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U of Maryland Team Developing Biosensor for Early Detection of SARS-CoV-2 Infection

NEW YORK ─ Researchers at the University of Maryland School of Medicine (UMSOM) have developed a biosensor that they said could soon be available to test for SARS-CoV-2 alongside current molecular, antibody, and antigen tests.

Leveraging plasmonic properties of gold nanoparticles that cluster around viral RNA molecules, the biosensor changes colors to indicate the presence of SARS-CoV-2. Described in a recent study published in ACS Nano, the researchers said that their colorimetric assay has the potential to be used as a screening test.

According to Dipanjan Pan – who is leading the test's development and is a professor of diagnostic radiology, nuclear medicine, and pediatrics at UMSOM – clinicians struggling to mitigate the COVID-19 pandemic need more rapid, convenient, and affordable tools that can be deployed on a large scale at the point of care to detect active disease.

With that in mind, he and his colleagues developed a prototype that they believe could be deployed in the next few months as a diagnostic test for SARS-CoV-2, though further development, validation, and scale up for manufacturing will be required.

The biosensor uses a simple assay containing plasmonic gold nanoparticles to detect a color change when the virus is present, Pan said, adding use of the plasmonic gold nanoparticles is far simpler and more affordable than the standard isothermal amplification methods that current tests use to detect the presence of the infection.

To develop the test, the researchers at UMSOM designed thiol-modified antisense oligonucleotides that are specific to the N-gene of SARS-CoV-2. In the presence of target SARS-CoV-2 RNA sequences, gold nanoparticles that are capped with thiol-modified antisense oligonucleotides form clusters causing changes in surface plasmon resonance. That alteration then manifests as a color change in the assay that indicates the presence of the infection.

The developers of the biosensor-based test believe its availability could help mitigate challenges associated with testing supplies, including reagents to run tests, and resources, including a scarcity of trained lab personnel.

Pan said he anticipates the point-of-care test will have a place alongside current technologies and tests that clinicians are already using to try to handle demand during the pandemic.

To date, several dozen tests using RT-PCR have received Emergency Use Authorization from the US Food and Drug Administration to diagnose COVID-19. About a dozen serology tests and one rapid protein antigen test have also been issued EUA by the agency, as have a handful of decentralized tests, including molecular ones by Cepheid Xpert Xpress and Abbott ID Now.

Despite the availability of such tests, the lack of accessibility to them, particularly in remote areas, remains  a barrier to broad-scale testing, Pan said.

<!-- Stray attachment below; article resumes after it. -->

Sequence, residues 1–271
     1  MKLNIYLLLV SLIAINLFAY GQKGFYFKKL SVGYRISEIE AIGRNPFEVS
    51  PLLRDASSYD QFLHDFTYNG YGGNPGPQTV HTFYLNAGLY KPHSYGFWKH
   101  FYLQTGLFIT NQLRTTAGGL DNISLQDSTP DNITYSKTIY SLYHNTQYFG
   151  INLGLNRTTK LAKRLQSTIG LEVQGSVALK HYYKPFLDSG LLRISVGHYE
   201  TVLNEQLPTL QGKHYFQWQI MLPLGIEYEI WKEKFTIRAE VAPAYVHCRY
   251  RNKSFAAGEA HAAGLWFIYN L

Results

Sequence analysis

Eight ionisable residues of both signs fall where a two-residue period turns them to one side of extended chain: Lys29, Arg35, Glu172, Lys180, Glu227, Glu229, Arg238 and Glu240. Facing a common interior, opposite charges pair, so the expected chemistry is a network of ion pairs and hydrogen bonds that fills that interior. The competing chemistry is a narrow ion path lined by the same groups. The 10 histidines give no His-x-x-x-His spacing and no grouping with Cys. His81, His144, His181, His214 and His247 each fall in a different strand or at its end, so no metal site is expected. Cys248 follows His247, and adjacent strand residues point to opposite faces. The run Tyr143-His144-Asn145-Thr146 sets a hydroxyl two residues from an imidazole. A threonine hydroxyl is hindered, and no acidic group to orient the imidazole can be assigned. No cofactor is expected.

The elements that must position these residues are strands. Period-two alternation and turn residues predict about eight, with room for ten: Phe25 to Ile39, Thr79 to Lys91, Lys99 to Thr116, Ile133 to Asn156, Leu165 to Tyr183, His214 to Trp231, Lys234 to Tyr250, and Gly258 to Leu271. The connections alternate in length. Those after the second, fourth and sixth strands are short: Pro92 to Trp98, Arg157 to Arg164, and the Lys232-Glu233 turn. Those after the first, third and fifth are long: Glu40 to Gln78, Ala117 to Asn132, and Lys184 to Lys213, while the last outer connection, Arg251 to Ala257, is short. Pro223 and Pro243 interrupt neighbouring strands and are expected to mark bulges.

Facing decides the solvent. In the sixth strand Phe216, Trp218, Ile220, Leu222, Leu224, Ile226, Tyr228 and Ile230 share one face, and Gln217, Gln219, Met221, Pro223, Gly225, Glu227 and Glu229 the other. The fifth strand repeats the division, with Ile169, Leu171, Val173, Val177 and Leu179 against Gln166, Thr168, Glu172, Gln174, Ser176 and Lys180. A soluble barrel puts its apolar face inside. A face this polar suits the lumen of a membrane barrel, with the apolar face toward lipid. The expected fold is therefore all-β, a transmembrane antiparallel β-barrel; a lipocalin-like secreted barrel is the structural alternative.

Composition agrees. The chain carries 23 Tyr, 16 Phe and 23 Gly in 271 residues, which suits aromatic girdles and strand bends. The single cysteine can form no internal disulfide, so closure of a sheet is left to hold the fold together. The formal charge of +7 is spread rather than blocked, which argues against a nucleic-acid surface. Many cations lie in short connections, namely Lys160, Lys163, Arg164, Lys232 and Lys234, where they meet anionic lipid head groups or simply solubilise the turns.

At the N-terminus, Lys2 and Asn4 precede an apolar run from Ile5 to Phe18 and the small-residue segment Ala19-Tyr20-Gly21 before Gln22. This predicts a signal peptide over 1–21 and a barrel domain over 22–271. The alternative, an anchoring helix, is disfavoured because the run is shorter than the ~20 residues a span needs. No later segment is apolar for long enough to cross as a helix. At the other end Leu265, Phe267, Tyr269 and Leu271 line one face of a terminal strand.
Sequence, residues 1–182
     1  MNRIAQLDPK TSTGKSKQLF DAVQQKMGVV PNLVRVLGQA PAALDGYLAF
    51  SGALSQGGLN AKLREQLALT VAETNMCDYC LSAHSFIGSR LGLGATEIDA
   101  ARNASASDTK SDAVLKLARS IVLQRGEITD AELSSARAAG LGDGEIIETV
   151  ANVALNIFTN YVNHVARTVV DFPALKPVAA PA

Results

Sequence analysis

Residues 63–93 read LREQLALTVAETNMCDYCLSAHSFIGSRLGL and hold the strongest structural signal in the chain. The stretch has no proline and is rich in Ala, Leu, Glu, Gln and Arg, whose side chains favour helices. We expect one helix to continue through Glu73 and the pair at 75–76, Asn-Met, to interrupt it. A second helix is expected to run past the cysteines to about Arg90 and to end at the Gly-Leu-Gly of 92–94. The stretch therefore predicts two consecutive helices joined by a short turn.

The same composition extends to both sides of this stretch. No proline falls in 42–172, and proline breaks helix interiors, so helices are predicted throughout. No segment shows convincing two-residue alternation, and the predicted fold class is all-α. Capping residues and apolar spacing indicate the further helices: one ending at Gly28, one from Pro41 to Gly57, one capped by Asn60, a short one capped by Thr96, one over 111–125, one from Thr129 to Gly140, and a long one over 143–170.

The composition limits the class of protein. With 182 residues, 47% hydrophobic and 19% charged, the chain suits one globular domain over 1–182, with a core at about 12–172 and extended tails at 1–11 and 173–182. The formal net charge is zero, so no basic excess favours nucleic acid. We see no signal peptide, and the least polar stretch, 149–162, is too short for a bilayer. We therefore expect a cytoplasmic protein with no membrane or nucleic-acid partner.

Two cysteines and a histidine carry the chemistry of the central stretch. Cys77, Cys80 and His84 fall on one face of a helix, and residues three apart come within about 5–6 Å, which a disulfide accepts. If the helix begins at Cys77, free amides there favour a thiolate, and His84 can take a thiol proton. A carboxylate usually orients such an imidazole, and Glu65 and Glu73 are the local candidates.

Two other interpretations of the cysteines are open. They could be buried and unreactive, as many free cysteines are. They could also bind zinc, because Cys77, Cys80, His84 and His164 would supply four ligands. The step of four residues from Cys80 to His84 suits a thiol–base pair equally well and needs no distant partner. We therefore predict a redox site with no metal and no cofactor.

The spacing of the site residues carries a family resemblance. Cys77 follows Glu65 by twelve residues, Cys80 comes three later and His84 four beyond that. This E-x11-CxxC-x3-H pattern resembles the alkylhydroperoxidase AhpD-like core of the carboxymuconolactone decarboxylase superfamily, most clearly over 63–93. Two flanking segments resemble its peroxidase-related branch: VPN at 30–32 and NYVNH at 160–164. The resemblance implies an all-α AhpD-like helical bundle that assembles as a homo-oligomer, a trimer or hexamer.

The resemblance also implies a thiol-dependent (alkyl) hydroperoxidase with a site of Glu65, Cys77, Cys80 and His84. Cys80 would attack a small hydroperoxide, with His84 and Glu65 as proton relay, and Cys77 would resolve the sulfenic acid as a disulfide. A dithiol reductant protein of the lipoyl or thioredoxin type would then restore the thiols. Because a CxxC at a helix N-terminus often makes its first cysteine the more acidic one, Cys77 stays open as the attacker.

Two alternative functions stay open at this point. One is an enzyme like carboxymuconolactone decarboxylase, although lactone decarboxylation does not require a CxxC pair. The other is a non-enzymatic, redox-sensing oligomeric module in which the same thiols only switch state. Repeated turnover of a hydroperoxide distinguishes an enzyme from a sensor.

Sherwood Yao, the cofounder of Research Triangle Park, North Carolina-based Atom Bioworks, said in an interview that problems associated with current diagnostic approaches in the context of the pandemic are clear. "These approaches usually require large central lab instruments, and test protocols are complex," he said. As a result, "we strive to find novel ways to build a biosensor assay that is easy to use."

Yao is not involved in the biosensor development work at the University of Maryland. His firm recently was awarded a $248,000 National Science Foundation grant to use artificial intelligence and nanotechnology to design a rapid diagnostic test for SARS-CoV-2.

He said that Pan and his colleagues' choice of gold nanoparticles and sequence-specific binding for colorimetric signal generation "is well established in biosensor design, and once developed, the N-gene sequence targeted binding should provide good specificity."

The UMSOM test is "simple to perform without the need of large instruments," he said but noted "we are not certain of its performance and in particular its sensitivity and its claim to reliably detect" early infection in patients.

Pan agreed that while preliminary results suggest its biosensor may be able to detect viral RNA early in the infection cycle, additional studies are needed to prove it. The limit of detection of its assay is "roughly comparable" with that of RT-PCR, he said.

Its biosensor-based test will be most useful for point-of-care screening that requires rapid results for active infections, such as in airports, long-term care facilities, and community settings, Pan said.

The platform operates directly from a nasal swab or saliva sample that would be obtained from a patient by a healthcare professional. In addition to enabling convenient sampling methods, the platform's gold nanoparticle chemistry is well known and scalable at a reasonable cost, and oligos can be inexpensively synthesized, contributing to overall affordability, Pan said.

The group, whose work is funded by the University of Maryland, is preparing a pre-submission with a view to obtaining an EUA from the FDA. The researchers recently launched a company, VitruVian Bio, to commercialize their biosensor diagnostic technologies.

The firm, which is based in Baltimore, Maryland, had been focusing on the development and commercialization of a biosensor for traumatic brain injury, but it put that project aside and shifted its focus to commercializing the diagnostic test for SARS-CoV-2. It is looking to collaborate with a diagnostic firm interested in taking the technology to market, Pan said.